Be sure to come to the temple, your temple, where we honor our past and eagerly move
forward toward an exciting future.
When: 11:30 am June 22
Where: At the temple
Grapefruit Kanten Cooking Class on June 28
One of our favorite treats at our family’s New Year’s oshogatsu feast is grapefruit kanten—so refreshing.
Well, now we have a chance to learn how to make it.
May Nakano, MBT’s very own Julia Childs-san, will be teaching how to make grapefruit kanten at the June cooking class.
Please see Jesse Zavala in the MBT office for details or to sign up—or just sign up on the bulletin board near the kitchen.
Hours: 10 am to noon.
Cost: $15 for members/ $20 for nonmembers; lunch will be served after class
Obon, Obon, It's Festival Time
It seems like summer is just getting started in the Midwest but as the calendar shows, we are already looking toward Obon Festival.
Practices are at the temple at 7:30 pm on:
The Obon Odori is at 8 p.m. Saturday, July 12.
No previous experience necessary —come out and join in the festival to honor our loved ones who have passed away.
— Elaine Miyamura
Visit, learn and enjoy the new MBT Legacy Garden on July 19
We are thrilled to introduce the MBT Legacy Garden to you—our neighbors, supporters, and old and new friends. Please join us at the
Midwest Buddhist Temple from 11 am to 3 pm on Saturday, July 19, for light refreshments and to experience the beauty and serenity of our Japanese temple garden within a city environment. Come inside as well and tour the temple.
For more information about the MBT Legacy Garden and how it came to be, visit mbtgarden.org or visit us on Facebook, facebook.com/mbtgarden.
If you have additional questions, please call us at 312.943.7801.
Ginza Holiday! It's a Japanese Fair—with MBT FlairMark your calendars: The 59th annual Ginza Holiday will be held Aug. 8–10.
Hours are 5:30 to 9 pm Friday, Aug. 8, 11:30 am—9:30 pm Saturday, Aug. 9, and 11:30 am—6 pm Sunday, Aug. 10.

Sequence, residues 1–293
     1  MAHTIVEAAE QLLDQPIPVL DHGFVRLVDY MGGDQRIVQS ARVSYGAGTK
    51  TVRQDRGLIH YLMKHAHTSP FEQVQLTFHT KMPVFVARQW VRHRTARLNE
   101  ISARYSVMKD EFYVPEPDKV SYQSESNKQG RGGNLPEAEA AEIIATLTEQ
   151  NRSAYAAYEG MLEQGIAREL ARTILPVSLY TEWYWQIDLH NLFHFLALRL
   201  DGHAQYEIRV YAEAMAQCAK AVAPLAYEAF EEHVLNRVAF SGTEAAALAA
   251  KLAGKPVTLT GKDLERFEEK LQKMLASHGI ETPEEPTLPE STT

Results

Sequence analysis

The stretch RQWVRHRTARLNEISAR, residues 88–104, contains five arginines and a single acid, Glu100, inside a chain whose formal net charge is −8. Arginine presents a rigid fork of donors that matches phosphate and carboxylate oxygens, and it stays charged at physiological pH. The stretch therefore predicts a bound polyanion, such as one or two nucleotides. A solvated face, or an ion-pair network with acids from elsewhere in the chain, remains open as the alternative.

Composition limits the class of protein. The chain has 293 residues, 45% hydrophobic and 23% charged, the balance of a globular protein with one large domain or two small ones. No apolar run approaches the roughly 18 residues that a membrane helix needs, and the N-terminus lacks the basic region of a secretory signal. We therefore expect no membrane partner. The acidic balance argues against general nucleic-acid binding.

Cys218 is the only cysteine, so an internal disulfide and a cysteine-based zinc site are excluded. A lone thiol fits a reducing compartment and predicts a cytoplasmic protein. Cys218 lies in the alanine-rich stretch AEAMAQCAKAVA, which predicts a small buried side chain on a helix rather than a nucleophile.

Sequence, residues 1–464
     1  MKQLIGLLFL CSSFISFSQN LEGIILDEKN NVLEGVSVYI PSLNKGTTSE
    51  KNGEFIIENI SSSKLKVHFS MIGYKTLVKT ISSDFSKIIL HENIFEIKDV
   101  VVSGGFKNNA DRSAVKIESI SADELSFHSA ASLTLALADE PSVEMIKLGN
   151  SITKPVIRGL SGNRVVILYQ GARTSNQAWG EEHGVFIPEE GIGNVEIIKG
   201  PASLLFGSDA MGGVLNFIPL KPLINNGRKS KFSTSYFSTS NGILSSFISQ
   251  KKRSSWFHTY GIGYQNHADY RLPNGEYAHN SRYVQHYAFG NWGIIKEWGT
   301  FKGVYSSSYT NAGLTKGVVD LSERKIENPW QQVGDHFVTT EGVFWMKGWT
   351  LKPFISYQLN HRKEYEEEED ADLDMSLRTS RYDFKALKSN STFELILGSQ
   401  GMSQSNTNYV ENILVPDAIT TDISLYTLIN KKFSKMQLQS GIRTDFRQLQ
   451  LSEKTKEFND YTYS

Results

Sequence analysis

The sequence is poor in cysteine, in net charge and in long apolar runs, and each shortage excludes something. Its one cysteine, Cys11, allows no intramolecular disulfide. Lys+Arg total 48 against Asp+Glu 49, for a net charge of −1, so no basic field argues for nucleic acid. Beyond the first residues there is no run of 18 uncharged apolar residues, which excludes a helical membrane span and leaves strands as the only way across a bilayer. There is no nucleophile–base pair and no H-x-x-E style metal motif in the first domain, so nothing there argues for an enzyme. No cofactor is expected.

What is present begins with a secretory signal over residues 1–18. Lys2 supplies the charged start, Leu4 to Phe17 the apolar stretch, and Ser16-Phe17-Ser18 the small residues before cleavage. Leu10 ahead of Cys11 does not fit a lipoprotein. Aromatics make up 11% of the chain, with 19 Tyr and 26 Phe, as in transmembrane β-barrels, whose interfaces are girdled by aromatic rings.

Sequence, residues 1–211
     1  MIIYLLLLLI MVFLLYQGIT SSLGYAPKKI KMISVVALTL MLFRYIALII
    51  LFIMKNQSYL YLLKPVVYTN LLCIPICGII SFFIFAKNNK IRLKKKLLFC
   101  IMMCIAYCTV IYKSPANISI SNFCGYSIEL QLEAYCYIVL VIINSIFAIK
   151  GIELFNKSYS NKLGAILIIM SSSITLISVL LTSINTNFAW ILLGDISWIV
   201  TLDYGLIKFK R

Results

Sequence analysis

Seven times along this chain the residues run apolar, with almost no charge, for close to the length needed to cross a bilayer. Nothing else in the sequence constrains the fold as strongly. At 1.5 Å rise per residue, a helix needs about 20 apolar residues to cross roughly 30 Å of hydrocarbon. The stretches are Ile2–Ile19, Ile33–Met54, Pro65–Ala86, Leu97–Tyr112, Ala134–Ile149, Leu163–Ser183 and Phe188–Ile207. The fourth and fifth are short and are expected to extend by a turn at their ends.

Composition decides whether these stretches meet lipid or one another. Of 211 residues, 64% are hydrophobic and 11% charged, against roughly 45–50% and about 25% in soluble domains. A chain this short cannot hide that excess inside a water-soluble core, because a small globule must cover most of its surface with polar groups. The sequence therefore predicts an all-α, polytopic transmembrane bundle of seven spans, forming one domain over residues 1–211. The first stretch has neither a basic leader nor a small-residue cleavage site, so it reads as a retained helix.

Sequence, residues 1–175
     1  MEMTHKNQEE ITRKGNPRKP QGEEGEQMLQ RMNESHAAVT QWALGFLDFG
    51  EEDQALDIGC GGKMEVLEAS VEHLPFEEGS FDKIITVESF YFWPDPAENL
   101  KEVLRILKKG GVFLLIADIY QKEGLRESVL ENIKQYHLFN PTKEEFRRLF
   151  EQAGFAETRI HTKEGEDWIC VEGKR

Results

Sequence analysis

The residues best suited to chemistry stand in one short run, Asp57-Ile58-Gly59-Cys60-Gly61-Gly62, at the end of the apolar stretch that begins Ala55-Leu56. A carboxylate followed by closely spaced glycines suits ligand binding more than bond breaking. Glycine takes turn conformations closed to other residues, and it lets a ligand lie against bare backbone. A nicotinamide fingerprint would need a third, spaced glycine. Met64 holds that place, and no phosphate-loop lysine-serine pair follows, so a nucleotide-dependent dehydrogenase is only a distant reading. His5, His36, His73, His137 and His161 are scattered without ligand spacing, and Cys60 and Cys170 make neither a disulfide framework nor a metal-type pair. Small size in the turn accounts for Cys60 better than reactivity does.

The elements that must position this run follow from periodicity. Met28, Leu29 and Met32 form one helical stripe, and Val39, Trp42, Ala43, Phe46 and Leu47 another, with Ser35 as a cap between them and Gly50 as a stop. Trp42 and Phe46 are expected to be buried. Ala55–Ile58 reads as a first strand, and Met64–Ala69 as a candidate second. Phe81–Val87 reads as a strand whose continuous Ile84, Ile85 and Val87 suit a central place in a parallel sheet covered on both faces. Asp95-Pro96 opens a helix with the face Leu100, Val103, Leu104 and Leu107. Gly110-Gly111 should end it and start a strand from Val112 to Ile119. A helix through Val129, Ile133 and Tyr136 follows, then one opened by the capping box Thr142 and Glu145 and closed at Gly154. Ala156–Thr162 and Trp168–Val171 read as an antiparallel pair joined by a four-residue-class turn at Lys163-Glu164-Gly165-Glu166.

And as in the recent past, Yoko Noge and Japanesque will perform on Saturday night. (The Chicago Air and Water show falls on the weekend after Ginza.)
A benefit donation of $7 for adults, and $6 for students and senior citizens will be collected at the gate on all other dates. A special three day pass will be available for $15. Children under 12 will be admitted free when accompanied by an adult.
Click here to learn more about the foods, entertainment and artisans at this year's festival. Or for information, call 312-943-7801.
What happens when you marry Irish and Japanese cultures, the Chicago Tribune's Rick Kogan wondered?
"It was very moving," Irish tenor Paddy Homan tells him in Kogan's "Sidewalks" column in the March 14 Chicago Tribune, speaking about the collaboration of Irish and Japanese musicians at the MBT Legacy Garden Benefit Concert on March 9. "Some of the songs we chose worked so well with the [Japanese taiko] drums, giving the songs a greater feel, sometimes a haunting feeling. The experience reminded me of how rich and diverse Chicago is, and I think I may have found my percussion section for future concerts."
Give a listen to Ho Etsu Taiko members Jason Matsumoto, Ori Kawahara and Tiani Pyer-Peereira when they visited with Rick Kogan on his "After Hours" program on WGN-AM Radio and gave Chicago a preview of music to come at the MBT Legacy Garden Benefit Concert.
* Family service
Try Zen Shin meditation
Upcoming Sunday services
June 14 and 15
9 am—5 pm
MBT Legacy Garden Dedication